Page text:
- noun a statement of permission that is given by one manufacturer to another and allows the second manufacturer to make copies of the first one’s products in return for payment of a fee
- (written as Licence)The legal (or other formal) permission granted to a professional person to practise their profession or for a pharmaceutical company to manufacture a product whose patent or other intellectual property right is owned by someone else.
Information & Library Science
- noun an official document giving permission to use or do something
- noun an official document which allows someone to do something or to use something
- noun permission given by someone to another person to do something which would otherwise be illegal
- noun permission for someone to leave prison before the end of his or her sentence
- noun an official document which allows someone to do something, e.g. one allowing a doctor to practise, a pharmacist to make and sell drugs or, in the USA, a nurse to practise
- noun an official document showing that someone has permission to do something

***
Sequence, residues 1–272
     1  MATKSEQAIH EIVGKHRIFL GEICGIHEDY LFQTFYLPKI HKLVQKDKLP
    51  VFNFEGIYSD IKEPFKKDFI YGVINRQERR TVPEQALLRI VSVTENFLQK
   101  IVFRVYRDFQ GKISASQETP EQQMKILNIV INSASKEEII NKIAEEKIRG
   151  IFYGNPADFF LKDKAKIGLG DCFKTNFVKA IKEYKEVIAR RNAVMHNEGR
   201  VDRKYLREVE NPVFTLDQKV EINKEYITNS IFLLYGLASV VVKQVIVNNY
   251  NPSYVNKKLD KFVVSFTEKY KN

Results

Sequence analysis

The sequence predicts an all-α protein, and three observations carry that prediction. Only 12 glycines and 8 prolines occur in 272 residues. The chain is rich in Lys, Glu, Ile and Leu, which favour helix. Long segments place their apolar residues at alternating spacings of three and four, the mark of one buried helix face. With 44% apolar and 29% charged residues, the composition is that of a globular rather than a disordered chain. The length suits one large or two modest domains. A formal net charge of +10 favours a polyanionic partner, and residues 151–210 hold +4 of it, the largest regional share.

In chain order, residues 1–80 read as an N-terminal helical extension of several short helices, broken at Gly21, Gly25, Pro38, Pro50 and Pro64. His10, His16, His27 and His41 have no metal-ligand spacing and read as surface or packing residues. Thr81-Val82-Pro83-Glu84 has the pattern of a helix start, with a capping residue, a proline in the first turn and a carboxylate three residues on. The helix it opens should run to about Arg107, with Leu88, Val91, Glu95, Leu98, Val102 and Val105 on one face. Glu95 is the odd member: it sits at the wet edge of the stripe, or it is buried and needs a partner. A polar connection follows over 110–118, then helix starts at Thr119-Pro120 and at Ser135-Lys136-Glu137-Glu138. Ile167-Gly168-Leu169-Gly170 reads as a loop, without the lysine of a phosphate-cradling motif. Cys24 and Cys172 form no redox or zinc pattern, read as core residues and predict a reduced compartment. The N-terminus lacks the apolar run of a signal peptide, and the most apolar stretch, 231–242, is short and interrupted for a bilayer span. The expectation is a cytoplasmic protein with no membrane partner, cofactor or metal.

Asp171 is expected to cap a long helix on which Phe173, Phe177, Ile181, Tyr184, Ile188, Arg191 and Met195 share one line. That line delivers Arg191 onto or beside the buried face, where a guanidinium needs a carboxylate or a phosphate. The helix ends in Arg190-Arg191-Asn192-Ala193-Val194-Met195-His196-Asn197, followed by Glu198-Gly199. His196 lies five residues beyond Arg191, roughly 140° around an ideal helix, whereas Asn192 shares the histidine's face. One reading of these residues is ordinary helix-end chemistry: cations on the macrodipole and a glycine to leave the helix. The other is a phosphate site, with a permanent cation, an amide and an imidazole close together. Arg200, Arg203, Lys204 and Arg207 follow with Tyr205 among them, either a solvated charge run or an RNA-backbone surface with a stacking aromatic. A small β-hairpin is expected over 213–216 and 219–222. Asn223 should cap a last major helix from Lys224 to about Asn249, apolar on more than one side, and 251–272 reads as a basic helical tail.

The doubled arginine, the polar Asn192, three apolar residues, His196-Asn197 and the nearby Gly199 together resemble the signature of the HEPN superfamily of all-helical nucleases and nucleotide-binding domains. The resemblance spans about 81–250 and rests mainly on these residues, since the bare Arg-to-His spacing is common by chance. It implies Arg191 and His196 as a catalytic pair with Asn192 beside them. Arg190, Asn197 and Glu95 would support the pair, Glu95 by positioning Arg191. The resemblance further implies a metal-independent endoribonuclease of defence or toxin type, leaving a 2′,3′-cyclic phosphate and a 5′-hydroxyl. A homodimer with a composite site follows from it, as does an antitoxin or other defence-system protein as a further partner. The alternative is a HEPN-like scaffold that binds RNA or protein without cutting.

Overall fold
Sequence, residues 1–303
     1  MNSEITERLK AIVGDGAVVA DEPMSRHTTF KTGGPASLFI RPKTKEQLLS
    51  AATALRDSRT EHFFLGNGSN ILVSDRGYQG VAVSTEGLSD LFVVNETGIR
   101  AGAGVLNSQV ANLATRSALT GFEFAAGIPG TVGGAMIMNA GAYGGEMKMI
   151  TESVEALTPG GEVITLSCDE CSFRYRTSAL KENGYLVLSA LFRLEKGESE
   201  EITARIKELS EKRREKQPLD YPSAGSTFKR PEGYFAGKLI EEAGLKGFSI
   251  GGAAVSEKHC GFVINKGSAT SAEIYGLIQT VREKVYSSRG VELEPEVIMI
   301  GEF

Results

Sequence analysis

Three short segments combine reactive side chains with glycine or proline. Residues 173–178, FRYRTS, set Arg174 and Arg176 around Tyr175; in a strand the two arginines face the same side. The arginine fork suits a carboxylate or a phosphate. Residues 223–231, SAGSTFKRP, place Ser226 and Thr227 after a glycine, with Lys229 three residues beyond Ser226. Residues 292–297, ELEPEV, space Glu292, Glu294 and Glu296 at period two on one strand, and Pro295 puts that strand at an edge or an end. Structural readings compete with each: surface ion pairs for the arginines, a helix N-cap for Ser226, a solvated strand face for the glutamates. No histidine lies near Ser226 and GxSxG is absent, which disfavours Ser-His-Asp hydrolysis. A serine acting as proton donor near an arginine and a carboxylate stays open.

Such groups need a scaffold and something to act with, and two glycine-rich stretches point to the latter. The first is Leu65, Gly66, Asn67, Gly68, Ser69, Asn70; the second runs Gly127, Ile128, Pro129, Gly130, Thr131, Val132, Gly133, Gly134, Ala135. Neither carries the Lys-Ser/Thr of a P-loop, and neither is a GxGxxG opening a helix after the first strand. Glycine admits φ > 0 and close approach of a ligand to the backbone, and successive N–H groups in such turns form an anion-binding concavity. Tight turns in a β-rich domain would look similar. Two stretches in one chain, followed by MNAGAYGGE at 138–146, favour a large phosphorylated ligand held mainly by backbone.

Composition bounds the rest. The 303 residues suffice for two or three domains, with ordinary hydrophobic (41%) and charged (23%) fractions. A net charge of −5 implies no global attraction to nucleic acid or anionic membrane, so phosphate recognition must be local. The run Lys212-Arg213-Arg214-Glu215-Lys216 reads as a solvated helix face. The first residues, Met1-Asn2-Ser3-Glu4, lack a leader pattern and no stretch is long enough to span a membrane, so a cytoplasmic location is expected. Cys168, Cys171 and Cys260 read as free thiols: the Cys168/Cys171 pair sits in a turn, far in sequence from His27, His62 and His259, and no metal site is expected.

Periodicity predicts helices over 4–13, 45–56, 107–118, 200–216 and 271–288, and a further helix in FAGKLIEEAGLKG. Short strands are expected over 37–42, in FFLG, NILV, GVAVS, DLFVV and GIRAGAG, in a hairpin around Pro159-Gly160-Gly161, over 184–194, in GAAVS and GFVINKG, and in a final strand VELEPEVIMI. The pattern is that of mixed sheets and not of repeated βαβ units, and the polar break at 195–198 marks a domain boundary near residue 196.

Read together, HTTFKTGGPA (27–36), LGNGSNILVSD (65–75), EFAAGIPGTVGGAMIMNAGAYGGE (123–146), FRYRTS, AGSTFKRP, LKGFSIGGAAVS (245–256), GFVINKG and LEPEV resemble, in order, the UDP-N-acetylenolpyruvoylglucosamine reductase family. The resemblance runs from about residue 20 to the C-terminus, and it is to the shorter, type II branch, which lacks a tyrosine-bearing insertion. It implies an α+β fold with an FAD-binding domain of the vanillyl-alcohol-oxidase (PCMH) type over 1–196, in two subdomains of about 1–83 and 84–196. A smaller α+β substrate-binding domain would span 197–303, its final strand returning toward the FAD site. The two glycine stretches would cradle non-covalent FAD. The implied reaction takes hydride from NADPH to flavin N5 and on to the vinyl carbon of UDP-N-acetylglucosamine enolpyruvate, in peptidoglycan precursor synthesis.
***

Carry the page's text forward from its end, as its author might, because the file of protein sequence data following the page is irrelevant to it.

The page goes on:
- noun a printed document that gives official permission to a specific person or group to own something or do something
- noun official permission to do something, either from a government or under a law or regulation
- An official document permitting a venue or company to presentdrama or other entertainment. In 1559 Elizabeth I banned unlicensedworks and by 1572 touring companies had to obtain a separate licencein each town they visited. Two years later, the Master of theRevels was made the licenser of all plays and companies. Duringthe reigns of James I and Charles I, all London companies were licensedto members of the royal family. In 1662 Charles II awarded monopolypatents for theatrical production in the city of Westminster to WilliamDavenant at Lincoln's Inn Fields and Thomas Killigrewat Drury Lane (see patent theaters).
The Licensing Act of 1737 gave the Lord Chamberlainexclusive power to license theaters, halls, and other venues (exceptthe patent theaters) and also to license (and thereby veto) new plays.A new bill in 1752 required licences for all places of public entertainmentwithin 20 miles of London; this was extended to the whole countryin 1788. The unrestricted Irish and US stages welcomed English actorsand companies who could not obtain licences.
The exact conditions to be met for licensing were stipulatedin the 1843 Theatres Act. This also reduced the Lord Chamberlain'spowers, which were finally abolished in the Theatres Act of 1968.see also censorship.